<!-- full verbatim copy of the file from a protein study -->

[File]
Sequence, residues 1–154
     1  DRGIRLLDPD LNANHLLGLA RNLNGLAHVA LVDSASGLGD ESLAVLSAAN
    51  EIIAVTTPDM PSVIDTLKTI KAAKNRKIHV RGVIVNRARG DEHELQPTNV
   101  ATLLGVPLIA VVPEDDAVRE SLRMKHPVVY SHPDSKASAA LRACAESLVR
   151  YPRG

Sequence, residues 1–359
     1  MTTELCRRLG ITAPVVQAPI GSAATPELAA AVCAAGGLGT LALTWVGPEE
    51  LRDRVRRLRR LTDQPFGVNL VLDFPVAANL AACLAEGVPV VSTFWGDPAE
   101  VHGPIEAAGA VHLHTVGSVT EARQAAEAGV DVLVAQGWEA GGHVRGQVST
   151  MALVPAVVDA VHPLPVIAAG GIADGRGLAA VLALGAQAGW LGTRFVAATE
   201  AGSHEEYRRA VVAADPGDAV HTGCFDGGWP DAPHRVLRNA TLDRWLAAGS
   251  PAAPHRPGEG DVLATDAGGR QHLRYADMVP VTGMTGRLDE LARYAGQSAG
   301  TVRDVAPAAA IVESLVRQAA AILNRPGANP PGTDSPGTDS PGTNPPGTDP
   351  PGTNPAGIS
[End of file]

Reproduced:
Sequence, residues 1–154
     1  DRGIRLLDPD LNANHLLGLA RNLNGLAHVA LVDSASGLGD ESLAVLSAAN
    51  EIIAVTTPDM PSVIDTLKTI KAAKNRKIHV RGVIVNRARG DEHELQPTNV
   101  ATLLGVPLIA VVPEDDAVRE SLRMKHPVVY SHPDSKASAA LRACAESLVR
   151  YPRG

Sequence, residues 1–359
     1  MTTELCRRLG ITAPVVQAPI GSAATPELAA AVCAAGGLGT LALTWVGPEE
    51  LRDRVRRLRR LTDQPFGVNL VLDFPVAANL AACLAEGVPV VSTFWGDPAE
   101  VHGPIEAAGA VHLHTVGSVT EARQAAEAGV DVLVAQGWEA GGHVRGQVST
   151  MALVPAVVDA VHPLPVIAAG GIADGRGLAA VLALGAQAGW LGTRFVAATE
   201  AGSHEEYRRA VVAADPGDAV HTGCFDGGWP DAPHRVLRNA TLDRWLAAGS
   251  PAAPHRPGEG DVLATDAGGR QHLRYADMVP VTGMTGRLDE LARYAGQSAG
   301  TVRDVAPAAA IVESLVRQAA AILNRPGANP PGTDSPGTDS PGTNPPGTDP
   351  PGTNPAGIS